Everest, Frank Kendall, Jr. (“Pete”)
Everest, Frank Kendall, Jr. (“Pete”)
(b. 10 August 1920 in Fairmont, West Virginia; d. 1 October 2004 in Tucson, Arizona), brigadier general and test pilot who was, for a short time in the 1950s, the “fastest man alive.”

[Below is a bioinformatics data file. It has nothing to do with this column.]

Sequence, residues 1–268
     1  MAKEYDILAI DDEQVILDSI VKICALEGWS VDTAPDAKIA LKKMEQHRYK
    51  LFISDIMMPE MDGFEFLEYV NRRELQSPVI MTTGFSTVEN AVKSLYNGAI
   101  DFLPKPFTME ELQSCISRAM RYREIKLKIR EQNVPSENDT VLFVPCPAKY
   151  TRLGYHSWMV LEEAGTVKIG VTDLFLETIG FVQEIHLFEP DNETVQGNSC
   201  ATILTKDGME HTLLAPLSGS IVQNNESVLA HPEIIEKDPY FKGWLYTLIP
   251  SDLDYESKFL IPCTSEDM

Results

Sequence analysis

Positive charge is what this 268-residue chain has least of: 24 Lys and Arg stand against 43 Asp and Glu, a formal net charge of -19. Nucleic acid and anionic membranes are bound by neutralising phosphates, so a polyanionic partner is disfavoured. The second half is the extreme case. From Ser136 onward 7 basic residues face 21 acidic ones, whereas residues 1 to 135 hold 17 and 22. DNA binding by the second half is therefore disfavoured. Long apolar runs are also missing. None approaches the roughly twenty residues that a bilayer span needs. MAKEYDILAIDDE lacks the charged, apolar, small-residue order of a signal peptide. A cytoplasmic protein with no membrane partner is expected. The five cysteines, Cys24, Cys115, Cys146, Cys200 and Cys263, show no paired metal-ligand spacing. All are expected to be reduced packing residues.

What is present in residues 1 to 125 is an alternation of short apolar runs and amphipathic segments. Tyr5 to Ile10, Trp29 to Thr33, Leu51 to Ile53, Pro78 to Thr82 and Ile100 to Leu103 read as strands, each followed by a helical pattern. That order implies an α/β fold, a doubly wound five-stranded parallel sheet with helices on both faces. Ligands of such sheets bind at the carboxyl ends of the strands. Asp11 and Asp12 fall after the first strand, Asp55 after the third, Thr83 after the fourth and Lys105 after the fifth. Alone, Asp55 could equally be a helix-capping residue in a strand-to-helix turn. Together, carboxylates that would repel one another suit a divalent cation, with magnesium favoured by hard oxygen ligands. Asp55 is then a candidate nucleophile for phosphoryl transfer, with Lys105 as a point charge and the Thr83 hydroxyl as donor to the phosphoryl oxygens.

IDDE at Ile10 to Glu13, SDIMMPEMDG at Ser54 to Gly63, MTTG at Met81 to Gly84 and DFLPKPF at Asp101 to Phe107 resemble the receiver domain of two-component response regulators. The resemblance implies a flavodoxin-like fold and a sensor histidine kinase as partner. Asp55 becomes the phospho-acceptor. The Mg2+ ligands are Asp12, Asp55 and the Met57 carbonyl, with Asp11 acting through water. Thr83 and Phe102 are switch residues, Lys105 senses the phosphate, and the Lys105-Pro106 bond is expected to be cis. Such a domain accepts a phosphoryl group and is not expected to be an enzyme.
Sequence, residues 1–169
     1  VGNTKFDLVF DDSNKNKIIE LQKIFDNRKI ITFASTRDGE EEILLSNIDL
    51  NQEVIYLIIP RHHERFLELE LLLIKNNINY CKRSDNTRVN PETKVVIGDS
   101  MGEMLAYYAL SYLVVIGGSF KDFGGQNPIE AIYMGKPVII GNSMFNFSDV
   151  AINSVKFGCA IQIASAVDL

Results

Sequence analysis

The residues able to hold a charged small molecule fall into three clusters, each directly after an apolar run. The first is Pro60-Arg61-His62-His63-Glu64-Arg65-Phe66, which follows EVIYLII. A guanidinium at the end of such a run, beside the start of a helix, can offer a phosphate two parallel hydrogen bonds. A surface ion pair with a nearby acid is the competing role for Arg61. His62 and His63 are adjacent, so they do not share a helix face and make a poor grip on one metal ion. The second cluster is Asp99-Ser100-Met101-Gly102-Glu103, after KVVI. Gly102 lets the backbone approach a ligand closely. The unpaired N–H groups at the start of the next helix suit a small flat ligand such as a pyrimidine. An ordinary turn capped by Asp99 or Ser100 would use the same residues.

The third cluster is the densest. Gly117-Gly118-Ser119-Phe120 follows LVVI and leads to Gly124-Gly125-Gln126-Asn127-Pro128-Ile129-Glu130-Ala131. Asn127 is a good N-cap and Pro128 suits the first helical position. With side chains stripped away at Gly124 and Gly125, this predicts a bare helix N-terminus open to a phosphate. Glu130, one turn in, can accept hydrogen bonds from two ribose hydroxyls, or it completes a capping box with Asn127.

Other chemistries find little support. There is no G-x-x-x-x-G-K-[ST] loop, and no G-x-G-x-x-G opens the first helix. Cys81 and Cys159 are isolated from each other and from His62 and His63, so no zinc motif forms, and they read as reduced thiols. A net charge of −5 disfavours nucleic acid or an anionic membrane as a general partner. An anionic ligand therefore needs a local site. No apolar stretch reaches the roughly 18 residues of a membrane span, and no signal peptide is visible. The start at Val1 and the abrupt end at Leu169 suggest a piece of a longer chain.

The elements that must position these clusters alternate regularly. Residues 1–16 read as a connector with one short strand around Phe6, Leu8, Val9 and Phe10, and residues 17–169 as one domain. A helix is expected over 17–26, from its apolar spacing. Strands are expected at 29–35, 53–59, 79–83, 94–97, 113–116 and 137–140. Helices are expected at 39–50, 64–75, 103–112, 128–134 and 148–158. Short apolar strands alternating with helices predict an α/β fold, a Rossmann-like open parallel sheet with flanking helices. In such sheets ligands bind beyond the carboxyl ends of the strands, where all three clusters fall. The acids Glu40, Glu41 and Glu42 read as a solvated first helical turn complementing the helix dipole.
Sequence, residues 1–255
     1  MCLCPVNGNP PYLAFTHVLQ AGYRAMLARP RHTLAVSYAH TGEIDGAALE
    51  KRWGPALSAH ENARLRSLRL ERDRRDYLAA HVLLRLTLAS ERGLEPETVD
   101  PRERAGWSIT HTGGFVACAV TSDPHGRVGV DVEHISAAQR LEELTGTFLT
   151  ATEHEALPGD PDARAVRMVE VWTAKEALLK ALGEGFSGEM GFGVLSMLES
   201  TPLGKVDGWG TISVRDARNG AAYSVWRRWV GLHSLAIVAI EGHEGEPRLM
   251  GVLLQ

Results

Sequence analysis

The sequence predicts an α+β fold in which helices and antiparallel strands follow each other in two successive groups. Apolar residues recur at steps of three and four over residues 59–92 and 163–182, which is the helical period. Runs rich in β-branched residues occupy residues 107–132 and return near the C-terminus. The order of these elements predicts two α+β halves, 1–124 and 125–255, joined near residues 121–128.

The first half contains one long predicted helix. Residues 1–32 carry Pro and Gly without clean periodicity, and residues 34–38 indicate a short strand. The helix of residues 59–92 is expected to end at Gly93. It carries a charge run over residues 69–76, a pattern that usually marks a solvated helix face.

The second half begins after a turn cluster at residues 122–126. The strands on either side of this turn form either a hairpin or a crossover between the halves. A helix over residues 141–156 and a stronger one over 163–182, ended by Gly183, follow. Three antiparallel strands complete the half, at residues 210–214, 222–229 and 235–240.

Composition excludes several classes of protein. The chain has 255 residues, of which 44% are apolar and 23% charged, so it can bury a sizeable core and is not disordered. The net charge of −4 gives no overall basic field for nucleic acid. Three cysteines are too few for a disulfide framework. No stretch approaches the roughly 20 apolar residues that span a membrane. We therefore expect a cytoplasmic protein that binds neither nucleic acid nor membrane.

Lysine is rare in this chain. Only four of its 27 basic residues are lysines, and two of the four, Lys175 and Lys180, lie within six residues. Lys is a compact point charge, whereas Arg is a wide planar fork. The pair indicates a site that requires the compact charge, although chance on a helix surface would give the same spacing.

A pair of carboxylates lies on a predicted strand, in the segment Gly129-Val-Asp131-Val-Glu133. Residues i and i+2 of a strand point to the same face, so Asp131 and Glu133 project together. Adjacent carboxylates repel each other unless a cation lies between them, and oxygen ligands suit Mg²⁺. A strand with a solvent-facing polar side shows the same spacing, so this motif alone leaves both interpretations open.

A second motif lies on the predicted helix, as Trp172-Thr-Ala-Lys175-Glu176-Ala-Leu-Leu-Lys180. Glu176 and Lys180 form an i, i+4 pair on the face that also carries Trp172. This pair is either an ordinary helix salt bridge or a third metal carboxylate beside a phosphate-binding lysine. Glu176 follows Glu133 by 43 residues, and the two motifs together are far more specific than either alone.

Everest was the son of Frank Everest, who owned an electrical contracting business. Everest developed a love for flying the way most young men and women in the period between World War I and World War II did: watching and eventually taking a ride in one of the barnstorming biplanes that crisscrossed rural America. Growing up as an only child, Everest was expected to follow his father into the electrical contracting business. He graduated from Fairmont High School in 1938 and began attending classes at Fairmont State Teachers College. But within a few months he applied for admission into the U.S. Army Air Corps. Informed that he would need at least two years of college engineering courses, which were not available at his local college, he transferred after one year to West Virginia University, where he was lucky enough to receive preliminary flying lessons under a new government program. By November 1941 he was in Texas, an aviation cadet. Later in his life he would regret having left college before earning his degree.